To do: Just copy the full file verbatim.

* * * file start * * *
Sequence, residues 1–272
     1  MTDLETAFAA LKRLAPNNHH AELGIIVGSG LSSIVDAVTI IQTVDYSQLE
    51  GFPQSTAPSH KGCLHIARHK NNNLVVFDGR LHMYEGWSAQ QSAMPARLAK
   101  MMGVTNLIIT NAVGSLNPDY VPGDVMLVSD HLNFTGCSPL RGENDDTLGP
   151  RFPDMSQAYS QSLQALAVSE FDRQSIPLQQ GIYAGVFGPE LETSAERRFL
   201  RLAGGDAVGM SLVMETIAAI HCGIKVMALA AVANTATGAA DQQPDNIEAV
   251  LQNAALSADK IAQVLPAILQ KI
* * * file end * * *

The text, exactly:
Sequence, residues 1–272
     1  MTDLETAFAA LKRLAPNNHH AELGIIVGSG LSSIVDAVTI IQTVDYSQLE
    51  GFPQSTAPSH KGCLHIARHK NNNLVVFDGR LHMYEGWSAQ QSAMPARLAK
   101  MMGVTNLIIT NAVGSLNPDY VPGDVMLVSD HLNFTGCSPL RGENDDTLGP
   151  RFPDMSQAYS QSLQALAVSE FDRQSIPLQQ GIYAGVFGPE LETSAERRFL
   201  RLAGGDAVGM SLVMETIAAI HCGIKVMALA AVANTATGAA DQQPDNIEAV
   251  LQNAALSADK IAQVLPAILQ KI